Taking Stock in Kazakhstan

A recent report by Business News Europe examines the growth of the Kazakhstan Stock Exchange (KASE) – the most developed in Central Asia – and the uphill struggle it now faces over Kazakhstan’s highly attractive pipeline of IPOs due to intense competition from foreign exchanges.  As the article notes:

“…Kazakhstan’s largest companies typically choose to list in London to gain access to high-quality international investors. Meanwhile, smaller Kazakh companies have been deterred from listing locally because of the high listing conditions set by the KASE. The latter is set to change from June 1 when new rules come into effect that will lower the bar for small and medium-sized companies listing.

The new listing rules are an important step in a four-year strategy plan for developing the stock exchange. Adopted in July 2007, the plan aims to reverse the trend for Kazakh companies to list on foreign exchanges. In order to address this, the KASE intends to become a trading floor where companies can raise at least $50m through an IPO.

But ambitions for the KASE go beyond merely creating an effective exchange for local issuers. Instead, the Kazakh government hopes to transform it into one of the top 15 Asian exchanges by 2015. “We don’t want a Kazakh stock exchange; we want a major international stock exchange that is the gateway to the Central Asian market. We see London as our main competition,” Arken Arystanov, Chairman of the Regional Financial Centre of Almaty (RFCA) told a recent conference. “We are already ahead of Russia by two to three years on legislation and investor relations. However, we are behind on retail investment, mutual funds and marketing work. Our aim is to complete all regulation and remove financial obstacles this year in preparation for a major expansion of the stock market in 2009.”

…Although relatively small, the KASE has nevertheless increased considerably in trading volume in recent years. After a slow but steady increase between 1999 and 2006, trading volume soared from $2.5bn in 2006 to $8.9bn in 2007. The main index of the KASE, KASE Shares, has increased by over 300% since the beginning of 2006. Despite a flattening out in the latter part of 2007, it has enjoyed modest growth in the opening months of 2008.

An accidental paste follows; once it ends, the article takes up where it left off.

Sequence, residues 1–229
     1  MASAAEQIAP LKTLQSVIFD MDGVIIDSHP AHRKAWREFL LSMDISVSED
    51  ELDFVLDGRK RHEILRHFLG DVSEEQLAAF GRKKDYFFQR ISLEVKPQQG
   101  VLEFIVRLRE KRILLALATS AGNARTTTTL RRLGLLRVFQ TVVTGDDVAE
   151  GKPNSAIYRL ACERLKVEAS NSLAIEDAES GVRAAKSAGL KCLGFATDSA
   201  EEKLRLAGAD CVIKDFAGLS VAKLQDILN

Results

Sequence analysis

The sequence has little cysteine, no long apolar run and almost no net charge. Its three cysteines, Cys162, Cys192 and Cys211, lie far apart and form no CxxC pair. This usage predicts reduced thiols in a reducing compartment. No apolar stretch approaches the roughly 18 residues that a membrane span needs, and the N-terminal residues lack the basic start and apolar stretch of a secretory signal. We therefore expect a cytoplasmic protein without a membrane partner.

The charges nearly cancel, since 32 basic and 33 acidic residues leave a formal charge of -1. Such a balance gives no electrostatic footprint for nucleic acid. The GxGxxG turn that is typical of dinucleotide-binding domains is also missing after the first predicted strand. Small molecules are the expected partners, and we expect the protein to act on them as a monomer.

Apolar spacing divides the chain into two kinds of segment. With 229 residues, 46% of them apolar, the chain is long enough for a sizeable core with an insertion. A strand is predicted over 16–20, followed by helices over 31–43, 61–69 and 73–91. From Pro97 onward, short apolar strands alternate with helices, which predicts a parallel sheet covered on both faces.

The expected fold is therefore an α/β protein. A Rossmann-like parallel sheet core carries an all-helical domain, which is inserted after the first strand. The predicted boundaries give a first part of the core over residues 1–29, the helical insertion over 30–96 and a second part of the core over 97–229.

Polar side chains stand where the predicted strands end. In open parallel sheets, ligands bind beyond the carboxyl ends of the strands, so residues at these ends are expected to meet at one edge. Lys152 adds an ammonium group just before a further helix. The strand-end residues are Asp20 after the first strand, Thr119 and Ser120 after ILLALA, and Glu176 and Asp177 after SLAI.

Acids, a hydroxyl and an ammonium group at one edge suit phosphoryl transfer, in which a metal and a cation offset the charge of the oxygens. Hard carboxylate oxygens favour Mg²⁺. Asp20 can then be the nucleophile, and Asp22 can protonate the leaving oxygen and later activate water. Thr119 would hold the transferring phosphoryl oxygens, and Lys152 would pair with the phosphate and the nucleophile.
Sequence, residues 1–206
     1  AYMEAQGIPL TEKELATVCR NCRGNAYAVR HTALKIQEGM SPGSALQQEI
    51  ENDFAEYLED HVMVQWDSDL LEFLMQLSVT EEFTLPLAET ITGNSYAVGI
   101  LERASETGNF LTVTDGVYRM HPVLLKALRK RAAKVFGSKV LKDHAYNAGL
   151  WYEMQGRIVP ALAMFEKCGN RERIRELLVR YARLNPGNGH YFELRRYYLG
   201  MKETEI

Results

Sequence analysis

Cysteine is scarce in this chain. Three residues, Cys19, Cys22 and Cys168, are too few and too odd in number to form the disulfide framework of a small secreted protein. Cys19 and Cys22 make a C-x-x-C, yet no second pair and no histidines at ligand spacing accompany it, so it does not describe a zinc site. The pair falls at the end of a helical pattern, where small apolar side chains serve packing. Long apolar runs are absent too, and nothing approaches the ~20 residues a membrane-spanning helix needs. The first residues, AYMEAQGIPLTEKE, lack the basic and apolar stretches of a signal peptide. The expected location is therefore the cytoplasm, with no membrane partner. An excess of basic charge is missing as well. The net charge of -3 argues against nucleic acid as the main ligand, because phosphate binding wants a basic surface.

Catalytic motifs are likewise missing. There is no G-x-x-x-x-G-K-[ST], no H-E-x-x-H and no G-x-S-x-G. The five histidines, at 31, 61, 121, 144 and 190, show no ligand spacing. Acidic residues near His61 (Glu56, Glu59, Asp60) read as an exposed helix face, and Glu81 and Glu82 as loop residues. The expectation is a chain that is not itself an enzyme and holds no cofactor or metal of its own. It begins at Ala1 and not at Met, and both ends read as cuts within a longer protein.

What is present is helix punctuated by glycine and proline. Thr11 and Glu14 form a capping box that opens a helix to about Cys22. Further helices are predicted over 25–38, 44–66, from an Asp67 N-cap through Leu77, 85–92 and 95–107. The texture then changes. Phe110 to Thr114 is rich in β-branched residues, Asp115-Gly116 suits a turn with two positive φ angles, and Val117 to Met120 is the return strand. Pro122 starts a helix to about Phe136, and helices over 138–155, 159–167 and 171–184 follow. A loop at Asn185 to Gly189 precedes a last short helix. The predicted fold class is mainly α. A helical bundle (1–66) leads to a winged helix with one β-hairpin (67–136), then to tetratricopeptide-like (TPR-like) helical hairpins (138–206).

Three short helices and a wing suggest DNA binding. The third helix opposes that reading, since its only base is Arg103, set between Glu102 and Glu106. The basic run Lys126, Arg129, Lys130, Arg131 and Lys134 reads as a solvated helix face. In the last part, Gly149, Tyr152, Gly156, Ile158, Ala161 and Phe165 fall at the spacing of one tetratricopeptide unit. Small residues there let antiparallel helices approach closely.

Activity on the KASE is much greater than that on Central Asia’s other exchanges. In comparison to the KASE’s market capitalization of $67bn, the Tashkent Stock Exchange (UzSE), for example, has a market cap of $2.75bn, and the Kyrgyz Stock Exchange (KSE) $144m. Average daily trading volume for stocks on the KASE is $140m; on the UzSE it’s just $258,000, and on the KSE $375,000.

This disparity gives credence to the ambitions in Kazakhstan of turning Almaty into a regional financial hub for the Central Asian region – precisely the reason why the RFCA was set up. It’s also envisaged that companies from Uzbekistan, Kyrgyzstan and the rest of Central Asia will list in Almaty, which will become a gateway to the region for international institutional investors. “The KASE is understood to be the best, in fact the only real stock exchange among the countries of this region,” says Vitaly Kan, analyst at BTA Bank. “In the foreseeable future we expect foreign companies to list on the KASE. Kyrgyzstan and Uzbekistan have stock exchanges, but they are not as developed as the KASE, so there are benefits to listing on the KASE.”

…The KASE is also seeing increased competition from other international exchanges who want a bite at the IPO pipeline for state companies. At the 2nd Annual Central Asian Investment Conference in March this year, conference sponsors NYSE Euronext aggressively promoted themselves as an alternative to London for Kazakh companies. Asian exchanges such as Hong Kong are also contenders, as are the Moscow exchanges.

However, the Kazakh government is putting its considerable weight behind the KASE, using its position as a shareholder in major Kazakh companies to induce them to list on the local exchange, with the aim of increasing activity on the market and making it more attractive to investors….”

This entry was posted on Friday, June 20th, 2008 at 3:38 am and is filed under Kazakhstan.  You can follow any responses to this entry through the RSS 2.0 feed.  Both comments and pings are currently closed. 

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